After I returned to the West from Romania and Moldova, I made a trip further (south)west from Aberdeen, to Edinburgh, to meet with Richard Demarco. I had first met him when I arrived at Aberdeen in 2009, promptly getting in touch with the man responsible for bringing Eastern European performance art to Scotland, the UK and the West nearly fifty years ago. Demarco is an artist, art enthusiast and patron, and as early as the 1960s he was traveling to Eastern Europe himself, visiting artists, and inviting them back to Edinburgh to exhibit or perform. He organized the first exhibition of Romanian painters in the UK, which was not only exhibited in Edinburgh, but also at the Aberdeen Art Gallery (!!!). Zoran Popovic, Rasa Todosijevic and even Marina Abramovic traveled from Belgrade to perform in Edinburgh. Demarco even befriended Joseph Beuys, who came to Scotland at his invitation to create an action on The Moor of Rannoch in the Highlands (1970).
The last time I met Ricky, he came to Aberdeen, but this time I traveled to Edinburgh to visit him at his Demarco Art Foundation, now located at Summerhall, the current headquarters of the Edinburgh Festival. When I walked into the exhibition space I had a feeling similar to when I walked into the Moderna Galerija in Ljubljana – surrounded by familiar names, if not faces – Laibach, Kantor, Neagu, Abramovic. A few weeks after meeting my meeting with Ricky, I returned to Edinburgh to spend some time at the Demarco Archive at the Scottish National Gallery of Modern Art. All of Demarco’s art collection prior to 1990, plus all of the paper documentation, is housed in this archive at the SNGMA. In addition to looking through the materials, I was eager to see if I could watch a video of Romanian artist Paul Neagu’s Gradually Going Tornado, which he performed – wait for it – at the Grampian TV Studios (now STV) in Aberdeen! I had first heard about this performance some time ago, and was aware that it had taken place in Aberdeen, but when I actually witnessed this Romanian artist doing a 25-minute performance in front of a live audience in a TV studio in Aberdeen, knowing that it had also been broadcast across Scotland (or at least the Northeast of Scotland), exactly 40 years ago this year – the excitement was indescribable. I can’t help but believe it was fate that brought me to Aberdeen, as opposed to anywhere else in the world, to teach and do research about performance art in Eastern Europe.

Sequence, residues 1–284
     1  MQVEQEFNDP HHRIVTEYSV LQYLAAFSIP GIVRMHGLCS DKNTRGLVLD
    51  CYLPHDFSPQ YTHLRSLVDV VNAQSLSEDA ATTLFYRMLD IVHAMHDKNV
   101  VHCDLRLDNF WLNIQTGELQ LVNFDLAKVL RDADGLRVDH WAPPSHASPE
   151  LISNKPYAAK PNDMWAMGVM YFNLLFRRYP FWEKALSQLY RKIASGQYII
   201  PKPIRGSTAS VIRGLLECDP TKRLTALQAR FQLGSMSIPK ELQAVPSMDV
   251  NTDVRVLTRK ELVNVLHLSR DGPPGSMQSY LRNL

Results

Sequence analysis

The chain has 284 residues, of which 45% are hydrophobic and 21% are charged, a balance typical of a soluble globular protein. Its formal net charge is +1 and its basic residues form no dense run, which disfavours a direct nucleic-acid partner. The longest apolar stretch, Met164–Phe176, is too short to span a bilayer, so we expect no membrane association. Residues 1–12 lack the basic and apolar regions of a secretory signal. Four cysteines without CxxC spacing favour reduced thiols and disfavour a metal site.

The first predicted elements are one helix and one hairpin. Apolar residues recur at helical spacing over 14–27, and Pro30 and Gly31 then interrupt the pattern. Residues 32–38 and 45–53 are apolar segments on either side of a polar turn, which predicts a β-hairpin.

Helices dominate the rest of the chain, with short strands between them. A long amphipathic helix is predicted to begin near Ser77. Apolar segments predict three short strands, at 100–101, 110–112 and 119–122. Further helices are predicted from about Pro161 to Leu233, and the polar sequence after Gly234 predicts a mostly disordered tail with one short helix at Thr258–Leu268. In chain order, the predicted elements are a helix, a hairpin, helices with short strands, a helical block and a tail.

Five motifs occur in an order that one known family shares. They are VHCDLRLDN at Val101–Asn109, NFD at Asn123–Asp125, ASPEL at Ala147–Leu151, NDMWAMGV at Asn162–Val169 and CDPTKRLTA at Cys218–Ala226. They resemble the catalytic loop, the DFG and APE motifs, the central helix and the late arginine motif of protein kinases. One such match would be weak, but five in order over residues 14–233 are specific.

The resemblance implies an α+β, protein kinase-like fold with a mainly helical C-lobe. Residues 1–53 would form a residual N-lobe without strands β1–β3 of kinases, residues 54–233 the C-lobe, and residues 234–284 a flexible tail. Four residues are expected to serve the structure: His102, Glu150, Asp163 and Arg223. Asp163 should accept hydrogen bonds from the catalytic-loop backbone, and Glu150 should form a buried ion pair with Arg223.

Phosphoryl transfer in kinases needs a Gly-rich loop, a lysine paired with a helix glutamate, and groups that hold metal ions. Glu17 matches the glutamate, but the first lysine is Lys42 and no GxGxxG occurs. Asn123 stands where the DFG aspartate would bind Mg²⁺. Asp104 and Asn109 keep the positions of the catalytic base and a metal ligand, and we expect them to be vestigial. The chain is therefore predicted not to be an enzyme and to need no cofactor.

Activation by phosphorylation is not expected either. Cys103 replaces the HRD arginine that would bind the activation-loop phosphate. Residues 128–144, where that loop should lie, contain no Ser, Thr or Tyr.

I was able to watch the video at the SNGMA. The most exciting part about it was the discussion that ensued afterward. Ricky, together with Fred Stibben, from Grey’s School of Art, and the art critic for The Guardian at the time, sat with the artist and discussed the piece with him. What was so interesting was listening to them try to come up with the language to describe the work of art that they had just witnessed. This was 1974, just eight years after Allan Kaprow had published Assemblages, Environments and Happenings, and five years before Roselee Goldberg’s Performance Art: from Futurism to the Present. While all of those present agreed that they had just witnessed something incredible, none had precisely the words to describe it yet.
Much has been written or speculated about the influence of Western art and artists on the art of Eastern Europe. A less-told story, however, and one that needs more investigation, is the impact that artists from the Eastern Bloc had on artists in Western Europe and North America. Many Western artists traveled East (Chris Burden, Gina Pane), but when artists from the East, such as those mentioned above, traveled to the West, they brought with them their artwork with its own unique innovations. The Demarco Archive is just one of many sources that can be use to examine these instances of artistic exchange, between East and West.